What follows here is a text composed of reconstructed reading notes culled from a recent notebook. I noticed that the way they happened to fall together seemed to provide a set of provocative test questions as to whether or not the human race is likely to survive. I would suggest that people reading the questions answer them (giving a single point to each "yes" and to each "no"). Then add up each of the two separate scores, and report the final verdict back to Virgil.
A time of troubles and crisis points can make or break a civilization. At this juncture in history, our major crises--climate change, economic breakdown, and terrorism--can't be managed alone. They are systemic threats that demand global resolutions. Our success will be measured not by money or power, but by resilience: the ability to change and adapt. The line between our personal lives and the world has become ever more permeable. We are in a profound crisis that is going to demand radical changes, and require engagement, action, and personal responsibility. And the outcome is uncertain. Conformity to old ideas is now lethal; only radical rebellion can change the planet when everything that we cherish is under threat. Two hundred years of growth economy has destroyed the "steady state" of the ecosphere. Will we continue to recklessly pillage and not listen to our own warnings?
Democracies have often gone to war with totalitarian states, but never with each other. But is democracy in the U.S. now at war with itself? Democrats always break their word, and Republicans lie to begin with--but they stick to that lie and thus seem more honest. Are compromises crippling? Is compromise beyond a certain point a deal-breaker? Are the balance of forces biased against significant reform?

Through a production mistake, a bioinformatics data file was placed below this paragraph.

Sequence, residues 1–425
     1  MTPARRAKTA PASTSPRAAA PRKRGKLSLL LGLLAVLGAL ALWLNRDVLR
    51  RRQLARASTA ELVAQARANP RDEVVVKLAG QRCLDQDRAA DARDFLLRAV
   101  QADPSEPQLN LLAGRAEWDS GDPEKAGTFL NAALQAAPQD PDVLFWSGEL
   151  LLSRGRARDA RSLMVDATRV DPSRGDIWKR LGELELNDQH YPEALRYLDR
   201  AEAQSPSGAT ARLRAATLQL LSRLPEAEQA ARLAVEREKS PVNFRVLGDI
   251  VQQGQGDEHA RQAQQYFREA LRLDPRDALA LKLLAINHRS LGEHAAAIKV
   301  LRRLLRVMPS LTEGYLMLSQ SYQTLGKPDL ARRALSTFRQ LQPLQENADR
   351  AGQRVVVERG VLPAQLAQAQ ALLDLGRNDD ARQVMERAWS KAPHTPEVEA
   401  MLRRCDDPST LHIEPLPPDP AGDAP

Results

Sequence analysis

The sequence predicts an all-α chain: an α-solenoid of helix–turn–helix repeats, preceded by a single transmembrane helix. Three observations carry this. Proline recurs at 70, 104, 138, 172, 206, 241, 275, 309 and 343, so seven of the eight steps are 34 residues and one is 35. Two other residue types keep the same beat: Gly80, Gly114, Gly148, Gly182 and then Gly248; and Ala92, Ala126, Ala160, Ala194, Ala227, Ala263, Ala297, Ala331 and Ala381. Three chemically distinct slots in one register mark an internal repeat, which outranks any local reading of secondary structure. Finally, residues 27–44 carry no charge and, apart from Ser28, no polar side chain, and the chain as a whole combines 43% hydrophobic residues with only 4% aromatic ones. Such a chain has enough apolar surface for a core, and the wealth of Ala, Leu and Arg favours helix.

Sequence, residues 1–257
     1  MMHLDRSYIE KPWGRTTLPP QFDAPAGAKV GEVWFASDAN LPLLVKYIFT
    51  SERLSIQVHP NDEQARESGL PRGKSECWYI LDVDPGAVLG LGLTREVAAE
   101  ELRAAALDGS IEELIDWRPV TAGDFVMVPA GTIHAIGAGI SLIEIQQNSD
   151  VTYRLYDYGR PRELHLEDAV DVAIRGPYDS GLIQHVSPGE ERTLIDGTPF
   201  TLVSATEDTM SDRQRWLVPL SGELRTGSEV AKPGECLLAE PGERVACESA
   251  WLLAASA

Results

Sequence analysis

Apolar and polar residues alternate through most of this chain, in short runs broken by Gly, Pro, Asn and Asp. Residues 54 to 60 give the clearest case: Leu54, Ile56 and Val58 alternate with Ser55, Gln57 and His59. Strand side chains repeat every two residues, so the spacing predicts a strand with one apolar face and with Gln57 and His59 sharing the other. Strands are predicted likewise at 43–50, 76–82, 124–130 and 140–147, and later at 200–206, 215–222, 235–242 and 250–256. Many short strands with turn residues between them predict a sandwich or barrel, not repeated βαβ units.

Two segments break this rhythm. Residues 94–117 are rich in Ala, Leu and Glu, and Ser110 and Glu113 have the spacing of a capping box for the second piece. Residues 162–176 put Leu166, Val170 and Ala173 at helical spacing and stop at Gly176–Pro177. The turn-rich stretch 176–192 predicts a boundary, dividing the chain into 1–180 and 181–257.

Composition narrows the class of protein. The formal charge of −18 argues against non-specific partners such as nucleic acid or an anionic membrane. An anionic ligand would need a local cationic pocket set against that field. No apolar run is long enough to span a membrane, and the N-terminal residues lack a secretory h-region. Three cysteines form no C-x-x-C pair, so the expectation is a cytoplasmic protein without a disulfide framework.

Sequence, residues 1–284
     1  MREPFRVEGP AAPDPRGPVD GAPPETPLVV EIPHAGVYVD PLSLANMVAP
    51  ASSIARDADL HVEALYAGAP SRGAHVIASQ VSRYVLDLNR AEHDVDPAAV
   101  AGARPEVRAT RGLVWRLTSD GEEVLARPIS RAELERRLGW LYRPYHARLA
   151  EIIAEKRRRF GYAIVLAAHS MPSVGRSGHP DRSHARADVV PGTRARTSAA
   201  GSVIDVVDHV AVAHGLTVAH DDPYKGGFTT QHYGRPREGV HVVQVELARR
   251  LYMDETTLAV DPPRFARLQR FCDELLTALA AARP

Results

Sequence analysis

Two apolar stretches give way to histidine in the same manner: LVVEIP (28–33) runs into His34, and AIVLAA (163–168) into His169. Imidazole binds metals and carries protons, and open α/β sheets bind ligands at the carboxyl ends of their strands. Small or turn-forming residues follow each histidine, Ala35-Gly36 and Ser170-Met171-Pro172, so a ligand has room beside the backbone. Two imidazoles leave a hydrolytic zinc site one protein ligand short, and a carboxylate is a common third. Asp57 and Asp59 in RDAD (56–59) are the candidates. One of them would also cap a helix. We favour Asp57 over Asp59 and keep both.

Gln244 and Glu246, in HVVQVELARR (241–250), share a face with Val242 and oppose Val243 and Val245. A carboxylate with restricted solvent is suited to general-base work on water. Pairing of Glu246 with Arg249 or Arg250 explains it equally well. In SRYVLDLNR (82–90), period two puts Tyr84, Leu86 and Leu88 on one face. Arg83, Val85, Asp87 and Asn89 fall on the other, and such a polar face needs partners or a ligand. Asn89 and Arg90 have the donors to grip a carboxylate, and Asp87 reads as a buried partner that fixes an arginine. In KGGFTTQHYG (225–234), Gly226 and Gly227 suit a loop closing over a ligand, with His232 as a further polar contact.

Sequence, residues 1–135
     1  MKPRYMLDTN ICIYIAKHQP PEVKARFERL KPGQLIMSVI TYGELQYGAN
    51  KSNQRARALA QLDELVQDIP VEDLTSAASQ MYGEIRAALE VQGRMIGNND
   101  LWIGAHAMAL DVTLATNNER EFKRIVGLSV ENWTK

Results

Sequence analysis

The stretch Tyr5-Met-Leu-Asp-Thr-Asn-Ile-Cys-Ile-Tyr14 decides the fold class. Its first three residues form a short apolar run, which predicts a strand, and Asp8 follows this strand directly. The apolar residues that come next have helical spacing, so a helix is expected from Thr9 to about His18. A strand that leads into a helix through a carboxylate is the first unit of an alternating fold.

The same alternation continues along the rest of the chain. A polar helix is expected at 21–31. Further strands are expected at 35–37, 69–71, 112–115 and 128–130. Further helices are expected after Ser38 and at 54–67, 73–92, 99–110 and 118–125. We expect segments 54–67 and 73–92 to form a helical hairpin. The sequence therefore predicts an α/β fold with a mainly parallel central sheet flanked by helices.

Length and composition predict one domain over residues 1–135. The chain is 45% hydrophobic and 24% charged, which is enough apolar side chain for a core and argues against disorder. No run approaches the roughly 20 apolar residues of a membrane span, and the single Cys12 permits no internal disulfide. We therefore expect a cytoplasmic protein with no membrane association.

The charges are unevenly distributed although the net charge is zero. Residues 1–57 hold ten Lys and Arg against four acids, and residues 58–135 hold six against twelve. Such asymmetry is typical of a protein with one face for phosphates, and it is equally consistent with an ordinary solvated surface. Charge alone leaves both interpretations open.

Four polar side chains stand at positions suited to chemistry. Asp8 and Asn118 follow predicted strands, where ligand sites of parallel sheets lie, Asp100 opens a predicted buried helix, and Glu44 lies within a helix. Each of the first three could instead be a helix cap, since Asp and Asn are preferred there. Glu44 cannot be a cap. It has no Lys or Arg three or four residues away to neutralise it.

The essential skill of the next fifty years will be crisis management in an age of limited resources and instability, uncertainty, and unpredictability. These are the ideas on which we must base our policies if we are going to match conditions in the world around us. The qualities needed will be preparedness, readiness, alertness, vigilance, and the ability to teach ourselves to see differently. Do we have these qualities and are we likely to use them?
Can art help? In our compromised world, can art still be a catalyst for change? The economic boom times are over, and capitalism is flat on its face. But art is still trapped in the "dead objects" paradigm: "Damien Hirst's pickled shark nets $17 million in art auction." Changing our ways is proving difficult for mankind. Given the intensity of economic and environmental collapse, can art do anything in this, Barack Obama's, new "age of responsibility" to make itself more relevant? Certainly the path out of the crisis cannot be a return to the status quo. Or can it? The problem is that we do not look at the consequences of our acts until it is too late to deal with them. Will this ever change?
Is the human race a flawed species? Is the human race doomed? Is it fit to survive? Will our proclivities toward greed and fear do us in? Is there still any possibility left for not heading off into utter disaster? Can that "Green New Deal" for the twenty-first century save us, or will the credit crunch, the oil crunch, and the climate crunch lead to collapse? Does humanity have the will to reverse the damage it has done to the world--and is that damage even reversible any more?
Buckminster Fuller: "We are facing our final evolutionary exam."
Ronald Reagan (in 1981): "A trillion dollars would be a stack of thousand-dollar bills 67 miles high."
Norman Mailer (in a letter to his wife, Beatrice, August 8, 1945): "Really, Darling, the vista is horrifying...I believe that to survive the world, cities of tomorrow will be built a mile beneath the earth."
Morris Berman: "I am no longer convinced that the institution of some new paradigm can really save us."
God: "Please don't ask me to come down there."
Applying the American model of freedom and democracy to other cultures and religions outside America has very real limitations. To think otherwise is politically reckless. Anti-Western Islamism has only grown stronger because of our occupation of those lands. We have failed to win in these countries, and we will go on failing to win. Sending more Americans to die will not change that painful reality. Occupations are inherently humiliating. People prefer to run their own affairs. Keeping our troops in Muslim countries is the problem, not the solution. Our motives for being there are seen as suspect and predominantly imperialistic. Would it be better to spend less time on manipulating the world and more on appreciating it?
True or false? Science makes progress, humanity does not.